Body language is full of irregular verbs. Time to correct a few typos.
In the 15 years I’ve spent coaching leaders to communicate, I’ve seen many presentations – some good, some great. I’ve also heard a lot of opinions about the role body language plays in delivering messages. To set the record straight I need to start with a confession.
What follows – I hope – is a new way to think about body language and communication, but one which also serves as a gentle apology to Dr Albert Mehrabian – the man behind an idea I so wantonly abused!
Many presenters often focus on the words they want to say – writing cue cards, notes or printing off PowerPoint slides – but in doing so, create blind spots in how they look and sound. Imagine how quickly purposeful words end up sounding dull and looking boring when left unchecked.
As a coach, helping to manage these blind spots, I would regularly turn to the work of Dr Mehrabian. For those of you new to these ideas, his work has been claimed to explain how much of a message is carried by the words, the voice and body language – 7%, 38%, 55%.
But, Dr Mehrabian has said that ever since his limited research study in the 1960s many people have continued to misinterpret his findings. (Phew, so not just me!) He simply found that when people express a message of emotional content, that message could be misconstrued if the speaker’s tone and body language were not congruent or consistent with the message.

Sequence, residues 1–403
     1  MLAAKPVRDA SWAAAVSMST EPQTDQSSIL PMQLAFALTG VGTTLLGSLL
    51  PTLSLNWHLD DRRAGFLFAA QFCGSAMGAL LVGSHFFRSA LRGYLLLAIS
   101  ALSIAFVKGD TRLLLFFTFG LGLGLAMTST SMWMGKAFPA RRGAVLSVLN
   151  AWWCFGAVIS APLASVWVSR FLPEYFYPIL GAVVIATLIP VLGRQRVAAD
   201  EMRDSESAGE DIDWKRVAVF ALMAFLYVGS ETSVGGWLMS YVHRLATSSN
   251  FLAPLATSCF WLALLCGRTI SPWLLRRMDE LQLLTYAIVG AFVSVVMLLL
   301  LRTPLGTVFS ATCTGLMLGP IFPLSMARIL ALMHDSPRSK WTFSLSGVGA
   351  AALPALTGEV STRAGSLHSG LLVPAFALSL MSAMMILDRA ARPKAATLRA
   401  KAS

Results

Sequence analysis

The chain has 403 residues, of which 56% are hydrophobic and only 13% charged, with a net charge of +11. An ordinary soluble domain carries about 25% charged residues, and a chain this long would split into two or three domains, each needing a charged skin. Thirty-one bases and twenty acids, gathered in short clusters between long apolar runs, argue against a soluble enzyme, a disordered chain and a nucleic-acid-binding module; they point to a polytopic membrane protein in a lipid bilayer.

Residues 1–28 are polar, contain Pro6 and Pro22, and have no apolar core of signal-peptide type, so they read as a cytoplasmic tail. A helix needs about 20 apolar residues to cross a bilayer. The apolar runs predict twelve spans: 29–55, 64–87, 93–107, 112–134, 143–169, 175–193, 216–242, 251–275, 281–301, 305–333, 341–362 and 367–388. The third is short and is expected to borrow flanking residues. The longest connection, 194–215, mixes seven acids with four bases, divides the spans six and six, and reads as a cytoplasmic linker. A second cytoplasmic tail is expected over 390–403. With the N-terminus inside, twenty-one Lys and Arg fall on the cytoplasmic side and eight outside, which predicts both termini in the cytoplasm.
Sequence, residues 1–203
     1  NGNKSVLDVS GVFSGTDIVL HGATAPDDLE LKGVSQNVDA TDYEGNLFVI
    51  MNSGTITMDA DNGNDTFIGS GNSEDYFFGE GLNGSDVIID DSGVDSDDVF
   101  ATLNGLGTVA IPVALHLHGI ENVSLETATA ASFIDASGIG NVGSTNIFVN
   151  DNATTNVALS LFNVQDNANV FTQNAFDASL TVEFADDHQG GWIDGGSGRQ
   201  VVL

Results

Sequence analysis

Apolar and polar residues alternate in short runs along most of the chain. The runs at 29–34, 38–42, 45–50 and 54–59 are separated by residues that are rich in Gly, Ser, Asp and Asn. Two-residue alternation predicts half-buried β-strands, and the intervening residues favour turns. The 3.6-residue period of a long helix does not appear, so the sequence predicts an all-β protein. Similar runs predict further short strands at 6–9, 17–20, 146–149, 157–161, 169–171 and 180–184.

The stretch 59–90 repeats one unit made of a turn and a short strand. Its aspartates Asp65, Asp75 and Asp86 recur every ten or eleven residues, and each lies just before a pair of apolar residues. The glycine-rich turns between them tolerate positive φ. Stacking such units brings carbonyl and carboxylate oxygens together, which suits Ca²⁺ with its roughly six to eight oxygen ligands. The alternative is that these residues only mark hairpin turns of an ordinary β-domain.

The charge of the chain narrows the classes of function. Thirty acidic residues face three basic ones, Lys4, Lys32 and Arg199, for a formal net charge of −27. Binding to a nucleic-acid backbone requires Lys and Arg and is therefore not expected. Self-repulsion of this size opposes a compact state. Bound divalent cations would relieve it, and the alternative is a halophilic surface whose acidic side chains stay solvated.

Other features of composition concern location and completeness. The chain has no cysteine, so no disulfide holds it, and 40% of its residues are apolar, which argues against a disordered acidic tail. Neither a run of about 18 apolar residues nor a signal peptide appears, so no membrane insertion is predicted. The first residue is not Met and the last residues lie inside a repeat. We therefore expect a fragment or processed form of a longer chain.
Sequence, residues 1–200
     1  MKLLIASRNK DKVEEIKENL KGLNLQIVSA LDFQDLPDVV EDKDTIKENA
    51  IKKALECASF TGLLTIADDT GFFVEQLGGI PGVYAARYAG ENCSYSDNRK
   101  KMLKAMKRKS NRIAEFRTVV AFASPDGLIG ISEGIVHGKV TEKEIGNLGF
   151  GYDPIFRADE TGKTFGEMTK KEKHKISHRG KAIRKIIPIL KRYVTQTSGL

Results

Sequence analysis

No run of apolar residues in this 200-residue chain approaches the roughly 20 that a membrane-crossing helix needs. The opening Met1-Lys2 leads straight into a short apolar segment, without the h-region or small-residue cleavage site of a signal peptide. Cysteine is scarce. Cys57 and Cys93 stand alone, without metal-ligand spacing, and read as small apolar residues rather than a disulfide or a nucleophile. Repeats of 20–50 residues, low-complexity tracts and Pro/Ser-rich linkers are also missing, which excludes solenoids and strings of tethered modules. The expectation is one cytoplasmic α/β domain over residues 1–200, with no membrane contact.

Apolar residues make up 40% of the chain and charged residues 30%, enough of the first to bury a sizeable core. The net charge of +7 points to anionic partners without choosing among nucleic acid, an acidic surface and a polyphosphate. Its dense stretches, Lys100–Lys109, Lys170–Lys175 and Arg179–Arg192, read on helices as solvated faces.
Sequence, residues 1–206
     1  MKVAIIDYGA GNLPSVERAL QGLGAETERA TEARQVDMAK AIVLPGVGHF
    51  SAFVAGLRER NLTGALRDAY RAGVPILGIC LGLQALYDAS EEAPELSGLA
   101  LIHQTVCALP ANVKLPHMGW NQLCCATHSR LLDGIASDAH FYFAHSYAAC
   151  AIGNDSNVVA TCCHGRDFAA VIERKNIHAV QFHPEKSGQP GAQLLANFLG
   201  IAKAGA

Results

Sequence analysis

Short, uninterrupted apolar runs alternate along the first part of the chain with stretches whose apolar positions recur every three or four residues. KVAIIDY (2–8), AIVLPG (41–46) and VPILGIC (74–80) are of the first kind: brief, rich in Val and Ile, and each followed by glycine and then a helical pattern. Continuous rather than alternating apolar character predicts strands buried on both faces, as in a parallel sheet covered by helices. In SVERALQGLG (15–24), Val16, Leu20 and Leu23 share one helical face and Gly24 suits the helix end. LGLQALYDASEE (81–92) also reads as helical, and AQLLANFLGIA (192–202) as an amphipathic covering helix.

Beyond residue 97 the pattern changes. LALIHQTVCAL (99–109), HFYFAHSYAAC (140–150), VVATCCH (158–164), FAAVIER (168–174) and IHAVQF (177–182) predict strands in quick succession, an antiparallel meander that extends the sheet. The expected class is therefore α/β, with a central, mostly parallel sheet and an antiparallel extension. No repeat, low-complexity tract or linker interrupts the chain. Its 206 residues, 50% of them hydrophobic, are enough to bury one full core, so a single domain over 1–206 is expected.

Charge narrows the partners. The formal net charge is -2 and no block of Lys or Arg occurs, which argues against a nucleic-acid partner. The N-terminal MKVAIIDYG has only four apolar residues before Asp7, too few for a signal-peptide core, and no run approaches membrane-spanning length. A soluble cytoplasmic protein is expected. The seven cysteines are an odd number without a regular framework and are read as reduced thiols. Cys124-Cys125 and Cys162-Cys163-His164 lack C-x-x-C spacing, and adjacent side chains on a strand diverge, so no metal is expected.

I want to re-think ways to encourage others to use a positive blend of behaviours in their communication, deliver what they really mean and above all stop mythologising Dr Mehrabian’s work.
So I’m turning to crime!
Morgan Wright has 18 years of law enforcement experience with the CIA and FBI and undertook an extraordinary experiment in behavioural analysis attempting to uncover the role of body language in the interviewing of suspects. He studied over 300 recorded interviews and asked 3 groups of people to assess whether they believed the suspect to be telling the truth. Group 1 simply listened to the recordings, Group 2 watched the recording with no audio and Group 3 saw and heard the whole thing.
In Wright’s study Group 1 achieved a success rate of 55%, Group 2 achieved 65% and Group 3 achieved 85%. Wright also went on to discover that interviewers with background notes on suspects, as well as the full recordings, became 93% successful in their assessment. Imagine 93% of your audience totally getting your next big idea!
What Wright discovered tells us a lot about how messages are conveyed. Specifically, if you don’t believe in your message you cannot force your body to act as if it does. By achieving something Wright calls a “Command Presence” through a certain look and sound derived from a positive inner state, this can translate into congruent links between your words and actions. This ‘believability’ is often the number one goal for leaders and communicators alike and is well within the grasp of most. A more conscious selection of effective behaviours could make the difference between an average and a great delivery.
To help you, here’s a little Catseye wisdom …
- Don’t believe all you hear and read
- Achieving the right impact requires inner composure
- Reflect on the motivations behind your message and bring those out
- Poor vocal tone and body language can genuinely get you busted
- Be deliberate and plan and practise your presentation style
- Passion is contagious – don’t be afraid to share it
And here’s an added bonus. If you’re struggling to make an impact on conference calls be sure to read these top tips.